Any actor – or acquaintance of such – worth his or her salt (and with a position to keep up in the world of luvvie), must maintain a repertoire of phrases which whilst superficially seeming to praise a play or performance actually do no such thing. This allows the social niceties to be observed without the need to stray into falsehood and perjury. The title is one example, but I’m sure the late Ned Sherrin could furnish many more – sadly, the task of finding others has proved to lie behind my own meagre internet searching skills.
This fact was brought home to me yesterday, not as a result of any theatrical trauma but as a result of seeing a couple of corporate slogans emblazoned on their owner’s assets. Both of these seemed superficially to promise much, but could be read as promising a negative outcome just as validly as a positive one.
First Group, purveyors of privatised rail and bus services, seem to favour the slogan “Transforming travel” – sometimes augmented with an additional adjective to indicate the type of travel which is to be transformed (I saw it on a yellow bus as “Transforming school travel”). Unfortunately, they do not promise that this will be a positive transformation for the traveller (or anyone else) – which, I guess, in an ever changing universe (curse you, entropy!) makes it a very easy promise to keep (requiring, as it does, absolutely no effort on the part of First Group).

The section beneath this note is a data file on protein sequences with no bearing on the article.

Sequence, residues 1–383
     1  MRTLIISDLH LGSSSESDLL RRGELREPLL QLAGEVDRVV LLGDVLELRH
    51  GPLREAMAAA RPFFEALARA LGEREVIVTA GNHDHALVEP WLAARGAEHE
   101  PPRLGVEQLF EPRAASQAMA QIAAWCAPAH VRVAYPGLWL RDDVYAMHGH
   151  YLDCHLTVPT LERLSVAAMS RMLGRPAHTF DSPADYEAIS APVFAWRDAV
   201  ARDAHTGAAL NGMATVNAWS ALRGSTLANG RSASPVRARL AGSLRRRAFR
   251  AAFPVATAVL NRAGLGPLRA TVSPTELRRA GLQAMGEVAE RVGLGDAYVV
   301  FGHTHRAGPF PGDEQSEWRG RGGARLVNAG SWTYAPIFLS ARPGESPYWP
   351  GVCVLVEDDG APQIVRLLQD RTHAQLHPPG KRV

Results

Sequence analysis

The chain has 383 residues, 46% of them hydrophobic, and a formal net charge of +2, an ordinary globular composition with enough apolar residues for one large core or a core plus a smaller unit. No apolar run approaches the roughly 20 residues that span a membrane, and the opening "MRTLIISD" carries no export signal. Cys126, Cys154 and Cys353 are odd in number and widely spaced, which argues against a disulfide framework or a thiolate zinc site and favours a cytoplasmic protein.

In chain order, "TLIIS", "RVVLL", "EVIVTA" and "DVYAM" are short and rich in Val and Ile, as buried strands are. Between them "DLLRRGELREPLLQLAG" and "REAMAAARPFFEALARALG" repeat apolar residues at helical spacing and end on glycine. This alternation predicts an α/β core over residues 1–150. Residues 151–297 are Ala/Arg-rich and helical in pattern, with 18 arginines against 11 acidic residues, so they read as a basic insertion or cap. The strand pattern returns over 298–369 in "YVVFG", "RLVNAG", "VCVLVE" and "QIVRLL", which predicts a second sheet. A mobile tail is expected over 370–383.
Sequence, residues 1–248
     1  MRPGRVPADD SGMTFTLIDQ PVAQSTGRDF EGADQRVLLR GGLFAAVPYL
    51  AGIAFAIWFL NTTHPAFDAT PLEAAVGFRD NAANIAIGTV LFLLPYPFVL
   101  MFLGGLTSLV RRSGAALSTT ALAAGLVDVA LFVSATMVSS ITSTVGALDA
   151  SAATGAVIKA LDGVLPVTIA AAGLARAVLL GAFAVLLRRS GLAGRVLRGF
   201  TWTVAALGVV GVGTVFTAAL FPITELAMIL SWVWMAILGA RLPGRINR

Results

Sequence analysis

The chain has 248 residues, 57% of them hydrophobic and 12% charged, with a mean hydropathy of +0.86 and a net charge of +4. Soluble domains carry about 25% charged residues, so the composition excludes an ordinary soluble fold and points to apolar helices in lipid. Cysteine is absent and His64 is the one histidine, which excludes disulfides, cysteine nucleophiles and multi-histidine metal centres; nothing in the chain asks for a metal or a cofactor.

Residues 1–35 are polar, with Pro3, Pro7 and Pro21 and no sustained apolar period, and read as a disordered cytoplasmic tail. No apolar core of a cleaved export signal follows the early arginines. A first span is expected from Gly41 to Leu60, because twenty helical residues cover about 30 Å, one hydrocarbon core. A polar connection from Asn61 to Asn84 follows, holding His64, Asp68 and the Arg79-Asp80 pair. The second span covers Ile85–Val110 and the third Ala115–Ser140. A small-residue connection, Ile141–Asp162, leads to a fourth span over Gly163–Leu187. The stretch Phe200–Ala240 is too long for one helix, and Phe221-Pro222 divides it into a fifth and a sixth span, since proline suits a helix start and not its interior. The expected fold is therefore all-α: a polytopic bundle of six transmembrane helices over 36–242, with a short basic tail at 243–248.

Later in the day, I passed a gym run by Fitness First which promised that we would “Never have an average workout again” (I assume as a consequence of patronising their establishment). As before, there was no indication that any future workout would be better than average: just a commitment to avoid the mean (or perhaps the mode or median, the promise was unclear on this point). A trickier promise to deliver given the well-known tendency of reversion to the mean and the habit of the average to change over time. This could require a programme of continuous deterioration (or improvement) in workouts: or a need for gym visits to vacillate randomly in terms of outcome.
I suspect this wheeze is not only employed by companies with the word ‘First’ in their name (and some of whose assets I happened to pass yesterday). Are teams of writers employed to come up with slogans which seem to promise something but which, if read properly (or challenged in a court of law), actually commit the companies using them to doing (or worse yet, delivering) little or nothing? Does GofaDM need such a noncommittal mission statement to move it to the next level in terms of customer engagement? If so, I’m sure I could draft an equally vacuous slogan to deliver my empty promises to you, dear reader. Your wish is, very occasionally, consonant with my own desires and so could (from a distance) be confused with my command.